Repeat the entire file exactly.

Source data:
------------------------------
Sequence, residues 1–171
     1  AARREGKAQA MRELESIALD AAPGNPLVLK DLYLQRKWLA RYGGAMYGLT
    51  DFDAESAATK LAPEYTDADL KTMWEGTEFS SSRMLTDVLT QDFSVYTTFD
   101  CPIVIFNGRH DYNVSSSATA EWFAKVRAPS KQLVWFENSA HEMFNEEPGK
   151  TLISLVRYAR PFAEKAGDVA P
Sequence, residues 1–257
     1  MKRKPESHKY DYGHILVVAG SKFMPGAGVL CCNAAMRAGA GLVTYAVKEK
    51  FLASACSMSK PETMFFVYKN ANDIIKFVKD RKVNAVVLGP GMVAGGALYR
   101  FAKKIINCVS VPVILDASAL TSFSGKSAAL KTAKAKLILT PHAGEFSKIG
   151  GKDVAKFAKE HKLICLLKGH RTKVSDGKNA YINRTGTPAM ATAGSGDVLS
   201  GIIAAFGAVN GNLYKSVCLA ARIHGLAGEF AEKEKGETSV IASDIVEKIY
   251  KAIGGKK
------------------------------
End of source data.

Sequence, residues 1–171
     1  AARREGKAQA MRELESIALD AAPGNPLVLK DLYLQRKWLA RYGGAMYGLT
    51  DFDAESAATK LAPEYTDADL KTMWEGTEFS SSRMLTDVLT QDFSVYTTFD
   101  CPIVIFNGRH DYNVSSSATA EWFAKVRAPS KQLVWFENSA HEMFNEEPGK
   151  TLISLVRYAR PFAEKAGDVA P
Sequence, residues 1–257
     1  MKRKPESHKY DYGHILVVAG SKFMPGAGVL CCNAAMRAGA GLVTYAVKEK
    51  FLASACSMSK PETMFFVYKN ANDIIKFVKD RKVNAVVLGP GMVAGGALYR
   101  FAKKIINCVS VPVILDASAL TSFSGKSAAL KTAKAKLILT PHAGEFSKIG
   151  GKDVAKFAKE HKLICLLKGH RTKVSDGKNA YINRTGTPAM ATAGSGDVLS
   201  GIIAAFGAVN GNLYKSVCLA ARIHGLAGEF AEKEKGETSV IASDIVEKIY
   251  KAIGGKK